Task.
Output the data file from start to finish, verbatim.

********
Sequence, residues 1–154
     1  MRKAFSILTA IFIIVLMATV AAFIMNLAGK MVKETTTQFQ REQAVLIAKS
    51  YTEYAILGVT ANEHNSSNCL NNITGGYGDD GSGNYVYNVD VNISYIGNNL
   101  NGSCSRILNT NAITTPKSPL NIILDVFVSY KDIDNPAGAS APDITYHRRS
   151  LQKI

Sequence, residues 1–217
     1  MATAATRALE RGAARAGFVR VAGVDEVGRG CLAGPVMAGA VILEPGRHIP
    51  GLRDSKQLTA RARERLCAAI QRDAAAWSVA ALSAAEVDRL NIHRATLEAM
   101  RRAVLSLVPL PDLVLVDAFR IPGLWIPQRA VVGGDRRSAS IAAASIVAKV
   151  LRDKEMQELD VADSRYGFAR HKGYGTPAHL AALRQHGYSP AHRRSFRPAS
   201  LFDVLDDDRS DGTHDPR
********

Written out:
Sequence, residues 1–154
     1  MRKAFSILTA IFIIVLMATV AAFIMNLAGK MVKETTTQFQ REQAVLIAKS
    51  YTEYAILGVT ANEHNSSNCL NNITGGYGDD GSGNYVYNVD VNISYIGNNL
   101  NGSCSRILNT NAITTPKSPL NIILDVFVSY KDIDNPAGAS APDITYHRRS
   151  LQKI

Sequence, residues 1–217
     1  MATAATRALE RGAARAGFVR VAGVDEVGRG CLAGPVMAGA VILEPGRHIP
    51  GLRDSKQLTA RARERLCAAI QRDAAAWSVA ALSAAEVDRL NIHRATLEAM
   101  RRAVLSLVPL PDLVLVDAFR IPGLWIPQRA VVGGDRRSAS IAAASIVAKV
   151  LRDKEMQELD VADSRYGFAR HKGYGTPAHL AALRQHGYSP AHRRSFRPAS
   201  LFDVLDDDRS DGTHDPR